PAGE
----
Feb 7 2015
According to Neil Oatley, the success of the MP4-13 allowed West McLaren Mercedes “to push the design of the MP4-14 more that we would have been comfortable with the previous year. We had more time with the next car, and could afford to be a little more adventurous in some of its mechanical aspects.”
None of this prevented yet another season’s racing being run down to the wire, but what from the word go was that McLaren’s new car was one of its most ambitious designs ever. With a lighter, lower V10 from Mercedes-Benz, it also showcased a host of new innovations brought in by Adrian Newey.
Accordingly, at its launch Dennis explicitly rejected the word evolutionary, describing it instead as a new car which “represents the biggest single step we felt we could take for 1999 with perhaps the smallest-ever percentage of carry-over components from last year’s car.”
The new F0 100H now developed around 785bhp at 16,700rpm, and Newey battled to make the most of this by recovering as much grip as possible which would otherwise have been lost to a mandated, footprint-reducing fourth groove in the front tyre. The car now sported a new mid-height nose with a pair of high-aided bargeboards mounted either aide of the cockpit. To the rear, but ahead of the driven wheels, large deflector panels made the car instantly recognisable.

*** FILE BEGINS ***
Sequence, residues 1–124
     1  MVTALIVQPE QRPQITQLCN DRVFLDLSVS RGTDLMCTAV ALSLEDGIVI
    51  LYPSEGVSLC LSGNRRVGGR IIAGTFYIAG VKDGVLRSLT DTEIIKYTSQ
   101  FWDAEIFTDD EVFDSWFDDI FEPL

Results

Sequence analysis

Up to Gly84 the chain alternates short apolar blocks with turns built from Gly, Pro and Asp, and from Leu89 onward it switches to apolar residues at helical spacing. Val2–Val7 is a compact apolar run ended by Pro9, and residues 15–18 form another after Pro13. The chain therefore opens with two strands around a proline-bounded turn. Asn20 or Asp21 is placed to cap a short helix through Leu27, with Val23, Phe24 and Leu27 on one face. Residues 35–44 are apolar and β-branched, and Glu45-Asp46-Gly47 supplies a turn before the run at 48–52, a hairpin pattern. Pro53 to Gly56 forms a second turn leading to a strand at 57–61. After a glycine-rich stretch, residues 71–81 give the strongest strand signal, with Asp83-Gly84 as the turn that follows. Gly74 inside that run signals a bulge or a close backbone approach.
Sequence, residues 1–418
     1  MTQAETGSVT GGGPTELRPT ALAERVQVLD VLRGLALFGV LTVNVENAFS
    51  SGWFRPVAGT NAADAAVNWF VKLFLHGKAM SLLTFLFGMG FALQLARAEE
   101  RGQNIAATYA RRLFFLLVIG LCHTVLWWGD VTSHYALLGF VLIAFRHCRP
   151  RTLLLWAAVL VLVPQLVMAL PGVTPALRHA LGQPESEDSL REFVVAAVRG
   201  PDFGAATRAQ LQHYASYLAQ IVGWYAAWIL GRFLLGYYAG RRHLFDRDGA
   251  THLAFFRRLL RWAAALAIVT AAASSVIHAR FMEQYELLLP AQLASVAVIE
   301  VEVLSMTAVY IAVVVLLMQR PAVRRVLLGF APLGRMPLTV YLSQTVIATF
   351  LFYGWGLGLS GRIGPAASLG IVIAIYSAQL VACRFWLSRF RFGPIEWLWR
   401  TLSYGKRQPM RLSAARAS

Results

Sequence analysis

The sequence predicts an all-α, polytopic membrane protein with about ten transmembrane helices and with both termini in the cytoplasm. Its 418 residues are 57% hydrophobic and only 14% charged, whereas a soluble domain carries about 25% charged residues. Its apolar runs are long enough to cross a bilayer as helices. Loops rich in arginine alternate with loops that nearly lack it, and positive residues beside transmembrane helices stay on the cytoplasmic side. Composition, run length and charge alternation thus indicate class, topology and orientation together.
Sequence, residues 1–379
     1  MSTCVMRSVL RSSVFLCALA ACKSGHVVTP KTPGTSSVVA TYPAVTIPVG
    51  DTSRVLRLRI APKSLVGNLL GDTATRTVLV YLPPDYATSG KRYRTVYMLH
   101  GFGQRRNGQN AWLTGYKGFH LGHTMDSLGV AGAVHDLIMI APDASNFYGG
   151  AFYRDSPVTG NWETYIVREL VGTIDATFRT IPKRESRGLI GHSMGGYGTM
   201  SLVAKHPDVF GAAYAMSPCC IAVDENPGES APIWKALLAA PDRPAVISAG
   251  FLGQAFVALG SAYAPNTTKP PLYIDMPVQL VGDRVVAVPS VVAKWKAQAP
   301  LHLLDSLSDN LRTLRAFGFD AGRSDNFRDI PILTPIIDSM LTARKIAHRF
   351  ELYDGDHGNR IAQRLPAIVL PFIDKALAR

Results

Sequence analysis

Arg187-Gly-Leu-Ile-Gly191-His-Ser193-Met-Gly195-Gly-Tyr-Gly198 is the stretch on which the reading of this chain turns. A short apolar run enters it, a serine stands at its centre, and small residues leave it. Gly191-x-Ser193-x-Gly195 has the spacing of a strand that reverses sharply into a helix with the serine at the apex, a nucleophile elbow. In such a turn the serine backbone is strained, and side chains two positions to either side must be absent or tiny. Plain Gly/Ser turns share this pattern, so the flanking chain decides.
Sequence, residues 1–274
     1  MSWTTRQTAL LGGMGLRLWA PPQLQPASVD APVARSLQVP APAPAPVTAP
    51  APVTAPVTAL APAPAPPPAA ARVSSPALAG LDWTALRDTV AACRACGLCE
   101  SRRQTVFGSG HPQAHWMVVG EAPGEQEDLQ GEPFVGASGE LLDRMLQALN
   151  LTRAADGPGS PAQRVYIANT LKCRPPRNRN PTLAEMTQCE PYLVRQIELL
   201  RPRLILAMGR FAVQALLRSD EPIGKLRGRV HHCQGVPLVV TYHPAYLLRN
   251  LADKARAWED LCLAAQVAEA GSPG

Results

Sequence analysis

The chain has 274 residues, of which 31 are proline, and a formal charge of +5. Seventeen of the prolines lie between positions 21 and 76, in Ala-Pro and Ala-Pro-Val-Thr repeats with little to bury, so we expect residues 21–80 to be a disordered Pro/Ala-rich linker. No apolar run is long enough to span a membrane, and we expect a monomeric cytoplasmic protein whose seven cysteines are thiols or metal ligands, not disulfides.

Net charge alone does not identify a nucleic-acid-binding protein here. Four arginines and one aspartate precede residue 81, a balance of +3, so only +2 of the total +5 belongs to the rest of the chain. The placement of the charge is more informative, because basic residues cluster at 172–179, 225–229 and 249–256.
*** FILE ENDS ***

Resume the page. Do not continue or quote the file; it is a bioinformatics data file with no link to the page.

Newey also reordered the packaging to a great degree, something he would clearly have done a year earlier had the timeframe allowed. He relocated the oil tank and hydraulic system and fitted a new, shorter gearbox, and the reduced weight of the new car allowed for some more creative ballasting with various ancillaries stowed within the walls of the monocoque. New torsion-bar rear suspension was added to the mix, while the front remained fundamentally been on MP4-13.
The increased complexity and lower weight did not at first inspire complete confidence on the part of David Coulthard and Mika Häkkinen’s , when compared to the previous year‘s Championship winner. At the limit it was able to perform quite brilliantly, but as Managing Director Martin Whitmarsh observed, “in terms of riding the bumps, stability on the straight and sheer chuckability, it gave away something to the MP4-13.”
The reality was that, more or less as a natural consequence of its more complex design. The MP4-14 just took longer to get right so that for much of the year it was very much a case of one step forward, one step back. No one foresaw the reduction in rear grip which was to affect the latest.
Semi-automatic gearboxes were pioneered in Formula 1 in 1989, and they quickly became commonplace – McLaren first adopting the technology on 1992’s MP4/7.
Clearly, this wheel is a quantum step ahead of what had gone before – a legacy of the rapidly increased automation that hit F1 in the 1990s. By the end of that decade, grand prix cars were on the verge of becoming the most complex ever, using automatic shifting, pits-to-car adjustments and, by the start of the 2000s, traction control – both of which are now banned.